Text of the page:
Like other annuity products offered by private insurance companies, applicants should note that it is a long-term investment plan and early surrender may bring financial losses, said an actuary of 10Life insurance company, Lun Hoi-yan.

The registration period for the annuity plan is open until August 8. Applicants can obtain or submit the subscription forms at 700 designated branches of 20 banks, or register online.

Applicants are not required to pay a premium at this stage but will need to fill in the subscription intention form with basic personal information.

They have to submit the subscription amount and name three agent banks to assist in completing the procedures.

Source: The Standard
Read More

Paying the government HK$1 million in exchange for a pension of up to HK$5,800 a month may sound stupid. But in a society where life after retirement is far from adequately protected, this does offer many retirees a real choice.

Some call it a bet on life expectancy.

That comparison is true – for the longer a pensioner lives, the greater the dividends he or she will get. The only chance it would lead to a loss is if the pensioner dies young – before reaching 80 – assuming they join the government annuity scheme at 65.

But it should be a safe bet since their beneficiaries would continue to receive the payments, unless they don’t have the patience to sit out the initial period. In such cases, the amount won’t be returned in full.

So, is the scheme as unattractive as some have claimed? I think not.

It’s attractive for many, except for those who think they’re smarter than the Hong Kong Monetary Authority, which will be responsible for managing the funds, to be collected by a subsidiary created by the Hong Kong Mortgage Corp and passed on to HKMA.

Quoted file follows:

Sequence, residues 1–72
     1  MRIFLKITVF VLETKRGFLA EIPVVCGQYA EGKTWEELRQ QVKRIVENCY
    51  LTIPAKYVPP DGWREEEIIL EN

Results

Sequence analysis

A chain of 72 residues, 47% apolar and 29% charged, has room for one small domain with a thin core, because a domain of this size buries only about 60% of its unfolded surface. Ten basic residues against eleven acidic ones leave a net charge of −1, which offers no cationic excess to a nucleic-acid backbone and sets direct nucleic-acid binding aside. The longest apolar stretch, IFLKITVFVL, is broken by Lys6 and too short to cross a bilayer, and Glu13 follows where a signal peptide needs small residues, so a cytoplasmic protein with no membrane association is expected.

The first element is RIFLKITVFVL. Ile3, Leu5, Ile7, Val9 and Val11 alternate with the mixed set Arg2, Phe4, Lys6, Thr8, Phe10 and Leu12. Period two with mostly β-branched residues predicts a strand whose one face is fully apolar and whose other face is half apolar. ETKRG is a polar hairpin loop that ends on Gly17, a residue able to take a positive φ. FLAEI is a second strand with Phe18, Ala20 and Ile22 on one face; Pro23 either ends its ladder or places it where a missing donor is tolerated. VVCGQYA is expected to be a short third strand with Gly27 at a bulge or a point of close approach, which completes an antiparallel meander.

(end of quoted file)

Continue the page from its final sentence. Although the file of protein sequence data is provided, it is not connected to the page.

Known as the HKMC Annuity Plan, its registration opened yesterday. Residents aged 65 or older have until August 8 to enter their intent to subscribe to the first tranche of HK$10 billion. According to Financial Secretary Paul Chan Mo-po, that would most likely double to HK$20 billion if demand is overwhelming.

Under the annuity scheme, residents investing the maximum HK$1 million will get HK$5,300 a month for women, and HK$5,800 for men, the gap being due to their different life expectancies.

The minimum subscription is HK$50,000, which will generate HK$265 for women, and HK$290 for men monthly.

However, I must say the most interesting aspect is that the annuity scheme should be viewed together with the Higher Old Age Living Allowance.

Curiously, the government is rather forthcoming on this, even revealing how the Sandwich Class – those considered too “rich” to claim the allowance, but too “poor” to lead a retired life without fear – may tap the maximum benefits using the annuity scheme.

The official website cited the case of a 65-year-old man now receiving a pension of HK$2,500 a month, and who has assets worth HK$600,000. Since his assets exceed the HK$146,000 limit, he can’t apply for the higher old age allowance, currently set at HK$3,485 monthly.

But he would be able to apply for the allowance if he puts HK$500,000 into the annuity plan. Then, he may expect to have HK$8,885 in total – HK$2,500 as currently received, HK$2,900 from the annuity plan, and HK$3,485 in old age allowance – every month.

That’s not too shabby, eh?

Understandably, the attraction begins to drop along with one’s wealth. But then they obviously aren’t the targets the government aims at helping under the plan. In the absence of comprehensive retirement protection, this is a feasible way to meet the needs of the sandwich class.

Source: The Standard
Read More